• Chuck Norris
  • Batman
  • Steven Seagal
  • Darth Vader
  • Danny Trejo
  • He-Man
  • Mike Woodson
  • Godzilla

Oddly, I wasn’t able to find Larry Christenson out there on any of ‘em. I’m thinking, though, you could probably print several hundred thousand with Larry’s mug on ’em, sell ‘em all at whatever price you want, then retire and move to the Bahamas. Whattya think? Wanna go in on it with me?

Here he is! You’ll be seeing this look for the next six years.

1973. Larry’s first year. Unfortunately, he would only go 1-4, with an ERA north of 6.00. BTW, he’s the youngest player in the majors this year, at age 19.

Larry! It’s you again. No, no, just turn your head slightly. That’ll do. Great!

1974. Larry’s sophomore season is a little better, though he doesn’t get as much action. He goes 1-1 with an ERA in the 4’s.

So, guy, what’s with the jacket?

1975. Larry is one of the Phillies starters, and does pretty well. He goes 11-6, with an ERA in the 3’s.    

That’s more like it.

1977. Another good year. The ERA goes just over 4.00, but Larry finishes just one win short of being a 20-game winner. Larry also leads the league in something for the first time. Unfortunately, it’s errors committed by a pitcher.

My God, Larry! As if the jacket wasn’t crazy enough!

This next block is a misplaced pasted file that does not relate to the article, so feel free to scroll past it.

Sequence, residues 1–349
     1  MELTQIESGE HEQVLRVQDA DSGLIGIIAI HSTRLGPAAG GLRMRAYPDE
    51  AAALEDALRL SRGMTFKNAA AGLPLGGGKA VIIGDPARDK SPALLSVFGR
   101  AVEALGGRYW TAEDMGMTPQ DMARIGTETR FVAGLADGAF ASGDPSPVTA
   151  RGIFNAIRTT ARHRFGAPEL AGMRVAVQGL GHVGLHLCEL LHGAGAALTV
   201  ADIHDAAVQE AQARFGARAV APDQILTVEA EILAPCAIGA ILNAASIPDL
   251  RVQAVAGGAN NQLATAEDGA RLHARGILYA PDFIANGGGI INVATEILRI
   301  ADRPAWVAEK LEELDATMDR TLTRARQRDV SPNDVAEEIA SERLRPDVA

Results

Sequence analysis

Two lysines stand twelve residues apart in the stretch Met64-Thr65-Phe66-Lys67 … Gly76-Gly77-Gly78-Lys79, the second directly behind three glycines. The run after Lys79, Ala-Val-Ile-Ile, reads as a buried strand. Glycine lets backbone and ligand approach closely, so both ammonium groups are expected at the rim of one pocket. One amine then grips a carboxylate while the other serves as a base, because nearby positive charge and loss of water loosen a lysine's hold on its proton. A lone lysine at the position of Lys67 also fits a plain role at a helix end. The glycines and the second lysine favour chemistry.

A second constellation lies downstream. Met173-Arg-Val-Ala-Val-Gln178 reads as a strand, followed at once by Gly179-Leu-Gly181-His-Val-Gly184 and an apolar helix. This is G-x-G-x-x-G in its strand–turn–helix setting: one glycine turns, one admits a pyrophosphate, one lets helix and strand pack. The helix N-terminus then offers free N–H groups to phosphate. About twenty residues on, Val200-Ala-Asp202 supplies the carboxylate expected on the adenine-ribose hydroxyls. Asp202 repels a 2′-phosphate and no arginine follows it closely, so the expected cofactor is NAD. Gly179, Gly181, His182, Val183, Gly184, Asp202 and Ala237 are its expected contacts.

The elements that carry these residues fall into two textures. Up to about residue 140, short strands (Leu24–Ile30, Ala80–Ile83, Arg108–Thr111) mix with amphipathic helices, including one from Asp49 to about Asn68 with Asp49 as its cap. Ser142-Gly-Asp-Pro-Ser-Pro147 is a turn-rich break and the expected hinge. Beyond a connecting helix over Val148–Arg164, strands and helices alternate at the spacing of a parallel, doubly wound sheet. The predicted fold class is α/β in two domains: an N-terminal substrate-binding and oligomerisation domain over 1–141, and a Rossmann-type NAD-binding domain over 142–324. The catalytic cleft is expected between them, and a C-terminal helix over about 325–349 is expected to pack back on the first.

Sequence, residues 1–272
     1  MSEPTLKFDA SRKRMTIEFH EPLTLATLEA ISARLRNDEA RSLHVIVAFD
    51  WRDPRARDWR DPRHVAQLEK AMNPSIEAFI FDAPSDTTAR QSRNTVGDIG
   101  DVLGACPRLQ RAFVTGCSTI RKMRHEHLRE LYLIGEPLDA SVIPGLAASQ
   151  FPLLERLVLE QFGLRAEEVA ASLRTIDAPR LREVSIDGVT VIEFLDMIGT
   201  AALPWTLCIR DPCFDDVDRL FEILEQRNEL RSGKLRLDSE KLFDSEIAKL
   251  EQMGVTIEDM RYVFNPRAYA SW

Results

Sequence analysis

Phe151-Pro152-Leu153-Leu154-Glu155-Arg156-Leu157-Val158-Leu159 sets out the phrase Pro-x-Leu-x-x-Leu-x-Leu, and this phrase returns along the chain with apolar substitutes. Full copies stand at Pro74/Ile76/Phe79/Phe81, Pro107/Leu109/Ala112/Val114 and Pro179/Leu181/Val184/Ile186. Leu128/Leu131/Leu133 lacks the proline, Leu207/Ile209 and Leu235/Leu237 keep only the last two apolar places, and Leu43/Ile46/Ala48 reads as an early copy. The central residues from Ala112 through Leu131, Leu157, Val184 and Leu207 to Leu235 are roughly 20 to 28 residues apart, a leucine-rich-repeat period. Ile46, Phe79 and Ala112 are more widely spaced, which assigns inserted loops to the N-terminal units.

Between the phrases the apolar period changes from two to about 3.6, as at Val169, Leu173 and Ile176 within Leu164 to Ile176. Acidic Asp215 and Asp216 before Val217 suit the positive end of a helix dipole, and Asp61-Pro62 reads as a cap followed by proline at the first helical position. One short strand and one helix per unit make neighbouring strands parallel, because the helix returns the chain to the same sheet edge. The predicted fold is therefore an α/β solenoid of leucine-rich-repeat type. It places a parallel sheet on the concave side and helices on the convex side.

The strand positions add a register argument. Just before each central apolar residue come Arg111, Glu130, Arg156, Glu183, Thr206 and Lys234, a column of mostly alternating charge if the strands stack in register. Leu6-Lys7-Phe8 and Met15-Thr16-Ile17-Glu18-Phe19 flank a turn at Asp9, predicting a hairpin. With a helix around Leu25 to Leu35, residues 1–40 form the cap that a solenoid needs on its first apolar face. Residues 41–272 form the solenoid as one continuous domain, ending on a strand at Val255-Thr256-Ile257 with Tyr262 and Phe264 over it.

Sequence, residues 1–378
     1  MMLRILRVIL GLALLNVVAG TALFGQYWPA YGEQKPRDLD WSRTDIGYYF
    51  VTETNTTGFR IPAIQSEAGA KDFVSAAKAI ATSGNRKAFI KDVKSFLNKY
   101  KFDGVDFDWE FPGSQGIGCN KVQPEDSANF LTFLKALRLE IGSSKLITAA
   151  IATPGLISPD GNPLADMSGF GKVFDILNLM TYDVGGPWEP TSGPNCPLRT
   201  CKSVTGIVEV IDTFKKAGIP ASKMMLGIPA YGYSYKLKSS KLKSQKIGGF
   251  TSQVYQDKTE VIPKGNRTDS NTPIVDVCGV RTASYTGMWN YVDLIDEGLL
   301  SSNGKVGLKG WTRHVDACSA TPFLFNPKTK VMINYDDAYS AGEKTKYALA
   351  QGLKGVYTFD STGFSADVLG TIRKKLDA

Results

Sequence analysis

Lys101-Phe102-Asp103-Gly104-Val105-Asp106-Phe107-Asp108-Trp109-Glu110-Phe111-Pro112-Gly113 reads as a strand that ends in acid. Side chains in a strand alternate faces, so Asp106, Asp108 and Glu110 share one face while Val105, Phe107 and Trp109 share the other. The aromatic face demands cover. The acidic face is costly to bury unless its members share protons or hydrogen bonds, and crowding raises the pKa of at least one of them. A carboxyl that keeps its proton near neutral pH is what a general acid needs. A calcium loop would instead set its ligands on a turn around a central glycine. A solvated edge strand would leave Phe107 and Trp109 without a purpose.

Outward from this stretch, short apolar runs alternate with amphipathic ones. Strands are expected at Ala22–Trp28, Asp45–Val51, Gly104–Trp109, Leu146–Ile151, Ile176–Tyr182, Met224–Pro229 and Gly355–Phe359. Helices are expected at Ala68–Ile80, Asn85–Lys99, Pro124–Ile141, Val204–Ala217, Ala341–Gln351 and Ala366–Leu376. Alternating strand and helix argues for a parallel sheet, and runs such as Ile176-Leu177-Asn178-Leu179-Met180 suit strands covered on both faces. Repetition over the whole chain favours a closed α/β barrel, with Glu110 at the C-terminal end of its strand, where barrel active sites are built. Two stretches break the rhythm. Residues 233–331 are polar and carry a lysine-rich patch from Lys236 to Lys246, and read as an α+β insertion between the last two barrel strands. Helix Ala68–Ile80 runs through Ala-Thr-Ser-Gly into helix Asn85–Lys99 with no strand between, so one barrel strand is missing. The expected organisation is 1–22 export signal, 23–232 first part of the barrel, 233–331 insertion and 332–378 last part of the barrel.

1978. Another decent year. Larry’s in double figures again, but finishes one game under .500. He does have the best ERA of his career, at 3.24. He also leads the league in fewest walks per nine innings, at 1.85.

Larry would pitch for five more years for the Phillies. He would never ascend those heights of the middle and late ‘70s again however.

Nor would we see quite that same deadpan pose again year after year after year. Instead, we’ve got a couple where Larry might arguably be deemed to be looking in for a signal (kinda hard to really tell for sure, though):

Or perhaps just looking a little confused:

Topps (and Fleer) also threw in a couple of action shots. In fact, there’s even one of those where Larry appears to be sporting a beard (gasp!):

Oh, and there’s also this monstrosity:

Monday, November 17, 2014

Danny Cater: Master of Disguise

He’s like Inspector Clouseau. Here, let me show you …


In one scene, he’s a wet-behind-the-ears rookie with a buzz cut and a dopey look.


In the next, he’s a high-hatted regular.

And here Danny has disguised himself as a Red Stocking.  He painted the B on the hat himself!

Would you take a look at those sideburns!

Wily veteran with pieces of fur glued onto his cheeks?

Gap-tooted Sparky Lyle wannabe?